The shaft 181, as shown in FIG. 5, mounts a gear 191 which meshes with a drive gear 192 mounted on shaft 193 which also mounts a pulley 194, the latter being driven by a belt 195 in the manner hereinafter to be described. Thus, upon rotation of pulley 194 and gears 192 and 191, the conveyor belt183 will be rotated in a counterclockwise direction, referring to FIG. 4.
Means are provided to charge the conveyor belt 183 with the seeds to be encapsulated.
To this end, as shown in FIG. 4, for example, a feed tube 196 is mounted on the front wall 173 laterally displaced from a window 197, also mounted on said front wall, said feed tube having a funnel 198 at its upper end into which seeds may be poured.
The seeds will drop down the inclined wall 175 of the chamber 170' to the lower end thereof as shown in FIG. 8, for example.
As shown in FIGS. 7 and 8, the block 177 at the lower end of the trough defined by the inclined walls 175, 176 has a tapered top surface 199 leading into a vertical slot 201 which in turn leads into a transverse bore 202. Extending downwardly as shown in FIGS. 7 and 8 is an air nozzle 203 which is designed to blow a jet of air against the seeds as they fall by gravity down the sidewalls 175, 176 of the trough so that such seeds will be forced through the vertical slot 20.! into the transverse bore 202. Desirably, baffles 205 are provided to deflect any seeds that may be forced upwardly, to the slot 201.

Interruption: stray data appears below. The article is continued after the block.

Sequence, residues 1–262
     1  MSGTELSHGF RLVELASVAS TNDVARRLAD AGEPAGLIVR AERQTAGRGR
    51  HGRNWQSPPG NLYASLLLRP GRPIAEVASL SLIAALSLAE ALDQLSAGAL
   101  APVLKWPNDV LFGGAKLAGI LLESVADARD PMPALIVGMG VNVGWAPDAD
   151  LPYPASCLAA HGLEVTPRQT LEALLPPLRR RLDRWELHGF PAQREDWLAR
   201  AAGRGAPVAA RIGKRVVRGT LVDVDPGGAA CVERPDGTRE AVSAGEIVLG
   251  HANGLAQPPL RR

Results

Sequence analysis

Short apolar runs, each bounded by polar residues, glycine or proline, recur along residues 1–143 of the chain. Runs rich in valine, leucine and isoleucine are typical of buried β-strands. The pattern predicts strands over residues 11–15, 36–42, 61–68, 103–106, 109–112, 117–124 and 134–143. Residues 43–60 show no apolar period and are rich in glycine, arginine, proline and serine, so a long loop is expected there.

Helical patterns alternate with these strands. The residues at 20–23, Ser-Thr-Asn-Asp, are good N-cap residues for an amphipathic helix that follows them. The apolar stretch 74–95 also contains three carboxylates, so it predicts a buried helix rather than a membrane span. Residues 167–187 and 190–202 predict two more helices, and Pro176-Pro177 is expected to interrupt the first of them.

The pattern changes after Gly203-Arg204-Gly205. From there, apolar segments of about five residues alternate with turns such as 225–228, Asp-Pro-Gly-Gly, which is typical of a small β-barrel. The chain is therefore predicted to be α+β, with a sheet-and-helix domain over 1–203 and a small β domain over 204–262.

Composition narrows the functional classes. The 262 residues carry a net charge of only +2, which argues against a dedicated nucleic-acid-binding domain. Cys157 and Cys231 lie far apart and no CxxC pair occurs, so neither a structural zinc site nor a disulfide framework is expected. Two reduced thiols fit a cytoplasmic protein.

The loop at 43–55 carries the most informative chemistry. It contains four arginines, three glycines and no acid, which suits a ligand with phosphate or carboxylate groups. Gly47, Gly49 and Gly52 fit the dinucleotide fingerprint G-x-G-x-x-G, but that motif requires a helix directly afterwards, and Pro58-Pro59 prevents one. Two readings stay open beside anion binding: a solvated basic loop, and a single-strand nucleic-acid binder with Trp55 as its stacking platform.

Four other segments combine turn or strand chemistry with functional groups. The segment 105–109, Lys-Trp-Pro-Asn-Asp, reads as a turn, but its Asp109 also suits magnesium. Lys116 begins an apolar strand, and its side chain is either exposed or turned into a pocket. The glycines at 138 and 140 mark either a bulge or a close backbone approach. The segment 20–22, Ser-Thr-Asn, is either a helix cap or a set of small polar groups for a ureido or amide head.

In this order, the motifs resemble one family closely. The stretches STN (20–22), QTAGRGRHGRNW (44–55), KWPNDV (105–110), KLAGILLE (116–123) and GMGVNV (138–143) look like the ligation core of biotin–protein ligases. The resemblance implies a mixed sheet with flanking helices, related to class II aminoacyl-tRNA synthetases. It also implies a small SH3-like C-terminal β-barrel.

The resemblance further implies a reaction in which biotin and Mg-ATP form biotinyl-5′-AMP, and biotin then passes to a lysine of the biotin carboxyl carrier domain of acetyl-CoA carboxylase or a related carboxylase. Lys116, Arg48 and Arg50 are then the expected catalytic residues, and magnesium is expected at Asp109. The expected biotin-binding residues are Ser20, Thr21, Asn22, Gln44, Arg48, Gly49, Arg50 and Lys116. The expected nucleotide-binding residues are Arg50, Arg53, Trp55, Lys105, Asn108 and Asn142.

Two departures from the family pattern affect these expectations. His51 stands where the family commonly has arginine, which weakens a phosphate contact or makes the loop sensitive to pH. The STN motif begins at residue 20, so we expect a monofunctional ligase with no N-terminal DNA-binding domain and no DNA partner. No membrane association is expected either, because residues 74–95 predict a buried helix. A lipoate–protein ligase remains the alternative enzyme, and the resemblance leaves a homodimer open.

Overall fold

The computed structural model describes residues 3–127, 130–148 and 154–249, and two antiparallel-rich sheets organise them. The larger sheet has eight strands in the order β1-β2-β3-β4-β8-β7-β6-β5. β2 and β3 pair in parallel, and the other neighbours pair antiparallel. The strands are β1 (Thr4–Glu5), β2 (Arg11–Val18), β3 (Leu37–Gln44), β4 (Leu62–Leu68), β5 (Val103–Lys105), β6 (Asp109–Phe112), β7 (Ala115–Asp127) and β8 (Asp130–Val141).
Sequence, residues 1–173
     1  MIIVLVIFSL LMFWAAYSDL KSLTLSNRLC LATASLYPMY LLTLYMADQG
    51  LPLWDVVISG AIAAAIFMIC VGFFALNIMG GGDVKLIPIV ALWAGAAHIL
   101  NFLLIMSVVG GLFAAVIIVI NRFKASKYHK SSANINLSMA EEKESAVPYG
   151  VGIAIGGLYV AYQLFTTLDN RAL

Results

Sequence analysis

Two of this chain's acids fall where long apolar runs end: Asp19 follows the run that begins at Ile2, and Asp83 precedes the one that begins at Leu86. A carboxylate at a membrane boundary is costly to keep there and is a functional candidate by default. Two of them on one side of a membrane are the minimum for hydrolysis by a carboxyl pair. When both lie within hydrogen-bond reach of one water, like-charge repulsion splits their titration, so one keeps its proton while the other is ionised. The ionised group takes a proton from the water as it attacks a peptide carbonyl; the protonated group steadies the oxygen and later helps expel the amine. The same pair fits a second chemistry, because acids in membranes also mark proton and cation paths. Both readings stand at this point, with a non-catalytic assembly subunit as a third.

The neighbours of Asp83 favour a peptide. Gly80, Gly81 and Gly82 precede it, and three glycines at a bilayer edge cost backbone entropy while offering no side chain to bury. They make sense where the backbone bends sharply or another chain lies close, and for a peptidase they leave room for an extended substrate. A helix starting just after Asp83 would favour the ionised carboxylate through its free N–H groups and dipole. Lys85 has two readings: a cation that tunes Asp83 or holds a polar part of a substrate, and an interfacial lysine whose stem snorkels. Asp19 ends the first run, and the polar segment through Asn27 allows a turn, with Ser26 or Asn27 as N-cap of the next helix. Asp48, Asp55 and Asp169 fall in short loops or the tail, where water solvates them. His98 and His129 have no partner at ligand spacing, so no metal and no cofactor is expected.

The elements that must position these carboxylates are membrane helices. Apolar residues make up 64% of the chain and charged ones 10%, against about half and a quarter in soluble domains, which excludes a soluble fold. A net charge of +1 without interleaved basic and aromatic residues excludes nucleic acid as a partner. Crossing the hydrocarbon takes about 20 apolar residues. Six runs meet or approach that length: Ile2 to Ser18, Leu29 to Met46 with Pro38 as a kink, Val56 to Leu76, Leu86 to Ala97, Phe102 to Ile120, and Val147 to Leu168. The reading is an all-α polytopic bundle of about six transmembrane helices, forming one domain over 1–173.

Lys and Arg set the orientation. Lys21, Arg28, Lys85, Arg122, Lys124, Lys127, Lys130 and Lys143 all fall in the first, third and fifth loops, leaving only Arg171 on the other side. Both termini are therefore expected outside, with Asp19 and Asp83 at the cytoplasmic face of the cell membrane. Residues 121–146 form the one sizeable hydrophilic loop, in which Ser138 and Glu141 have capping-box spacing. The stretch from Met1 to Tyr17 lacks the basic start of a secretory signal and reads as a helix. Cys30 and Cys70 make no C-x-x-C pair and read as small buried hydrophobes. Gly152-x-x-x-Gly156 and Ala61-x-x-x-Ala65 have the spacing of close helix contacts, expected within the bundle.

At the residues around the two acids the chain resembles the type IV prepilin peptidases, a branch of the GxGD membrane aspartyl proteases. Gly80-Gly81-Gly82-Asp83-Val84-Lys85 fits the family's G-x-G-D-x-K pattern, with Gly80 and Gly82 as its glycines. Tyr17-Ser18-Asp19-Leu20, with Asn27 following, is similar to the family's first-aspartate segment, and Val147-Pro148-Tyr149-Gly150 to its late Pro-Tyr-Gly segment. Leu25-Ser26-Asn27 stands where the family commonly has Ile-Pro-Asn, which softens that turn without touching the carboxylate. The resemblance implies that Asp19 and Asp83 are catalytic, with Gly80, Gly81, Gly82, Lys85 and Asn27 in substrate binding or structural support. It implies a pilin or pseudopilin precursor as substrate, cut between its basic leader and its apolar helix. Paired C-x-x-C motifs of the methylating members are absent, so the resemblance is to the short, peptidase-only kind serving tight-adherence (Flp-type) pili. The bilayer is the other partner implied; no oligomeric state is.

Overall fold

Secured in one end of the block 177 is an airline 204 which has a plurality of noules 205' of different length extending into said bore 202. Thus, when air under pressure is forced through line 204 it will entrain the seeds forced into the bore 202 through a feedpipe 206 which has one end secured to the other end of said bore 202.
As shown in FIGS. 1, 3, 4 and 7, the feedpipe extends upwardly from the block 177 into a chamber 207, an air nozzle 28, FIG. 8, being associated with the feedpipe 206 to assist in movement of the seeds into the chamber 207.
As shown in FIG. 4, the chamber 207 extends upwardly from the top wall 209 of a hopper 211, the latter illustratively being substantially rectangular as shown in FIG. 10 and having inspection windows 212 on two opposed walls thereof.